Friedman Votes to Boost Benefits, Modernize Services, and Promote Inclusivity for Veterans 

Upper chamber builds on and approves historic commitment to people who have served  

(BOSTON—6/13/2024) Today the Massachusetts Senate unanimously passed legislation to boost support for hundreds of thousands of individuals across the state who have served in the United States military, including nearly 30,000 women veterans and thousands of LGBTQ+ veterans.  

The comprehensive legislative package, H.4671, An Act Honoring, Empowering and Recognizing Our Servicemembers and Veterans (the HERO Act), would increase benefits for disabled veterans, bolster support for businesses that hire veterans, update the definition of a veteran, expand the scope of the Veterans Equality Review Board, and codify medical and dental benefits. 

“Massachusetts owes a debt of gratitude to the people who have served in our armed forces since the first shots of the American Revolution rang out in the 4th Middlesex district almost 250 years ago,” said Senator Cindy F. Friedman (D-Arlington), Vice Chair of the Senate Committee on Ways and Means. “The HERO Act passed today continues our dedication to serve those who served us by improving supports, providing flexibility, and lowering cost barriers to needed programs and services. I am especially glad to see expanded access for mental health care for veterans, knowing that we have a long way to go in understanding the unique challenges our veterans face. I look forward to approving final legislation and getting this to the governor’s desk before the end of the session.” 

The Senate’s legislation builds on the historic legislative package filed by the Healey-Driscoll Administration by including additional provisions which would:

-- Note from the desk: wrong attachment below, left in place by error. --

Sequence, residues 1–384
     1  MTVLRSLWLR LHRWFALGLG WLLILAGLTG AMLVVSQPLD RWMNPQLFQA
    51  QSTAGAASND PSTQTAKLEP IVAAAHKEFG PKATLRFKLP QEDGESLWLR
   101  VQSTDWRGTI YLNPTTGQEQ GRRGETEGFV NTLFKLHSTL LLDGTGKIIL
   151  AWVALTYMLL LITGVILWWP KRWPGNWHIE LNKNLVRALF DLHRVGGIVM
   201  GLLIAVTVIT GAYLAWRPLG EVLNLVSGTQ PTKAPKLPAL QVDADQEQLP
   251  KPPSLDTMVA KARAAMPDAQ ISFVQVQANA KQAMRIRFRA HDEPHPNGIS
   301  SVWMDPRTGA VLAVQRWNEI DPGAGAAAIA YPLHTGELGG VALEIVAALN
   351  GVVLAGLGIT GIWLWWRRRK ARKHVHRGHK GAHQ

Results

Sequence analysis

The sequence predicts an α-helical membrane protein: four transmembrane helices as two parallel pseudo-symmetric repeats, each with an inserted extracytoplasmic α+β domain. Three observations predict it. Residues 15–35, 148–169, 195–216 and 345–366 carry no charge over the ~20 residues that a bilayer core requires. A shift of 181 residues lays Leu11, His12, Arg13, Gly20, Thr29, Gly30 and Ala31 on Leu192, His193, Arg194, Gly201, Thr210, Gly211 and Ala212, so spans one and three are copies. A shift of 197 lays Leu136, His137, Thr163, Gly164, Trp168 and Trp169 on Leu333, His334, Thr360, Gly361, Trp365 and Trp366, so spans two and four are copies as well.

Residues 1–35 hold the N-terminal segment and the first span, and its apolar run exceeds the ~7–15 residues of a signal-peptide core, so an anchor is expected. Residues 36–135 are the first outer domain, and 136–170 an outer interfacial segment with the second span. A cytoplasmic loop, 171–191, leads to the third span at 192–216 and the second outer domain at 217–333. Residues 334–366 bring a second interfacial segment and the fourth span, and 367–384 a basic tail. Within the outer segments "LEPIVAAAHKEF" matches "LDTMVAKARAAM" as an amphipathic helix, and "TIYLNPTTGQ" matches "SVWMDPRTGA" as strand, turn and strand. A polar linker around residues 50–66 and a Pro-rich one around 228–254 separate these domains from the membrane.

• Require a public school district to provide support services to a military-connected student when a parent or guardian is called to active duty. 
  • Create a military spouse liaison to help military spouses with obtaining employment and child care, and deal with other issues facing military spouses. 
  • Allow Gold Star Family spouses to remarry without the penalty of losing their annuity benefit. 

Highlights of the Senate Bill Include: 

Benefit Expansion  

  • Expands access to Behavioral Health Treatment: Allows veterans to be reimbursed for visits to outpatient behavioral health providers.  
  • Increases the Disabled Veteran Annuity: Increases the annual annuity for veterans with a 100% service-connected disability, surviving spouses, or Gold Star Parents from $2,000 to $2,500.  
  • Increases the Vet-Hire Tax Credit: Increases to $2,500 a tax credit for small businesses hiring chronically unemployed or low-income veterans. Eligible veterans include those receiving SNAP benefits, chronically unemployed veterans, and unemployed service-connected disabled veterans.  
  • Increases access to the Active-Duty Buyback program: Lengthens the timeframe for veterans in public service to participate in the Active-Duty Service Buyback program and allows retroactive participation for veterans who missed the buyback opportunity. This program will enable veterans to purchase up to four years of active-duty service time toward their state retirement.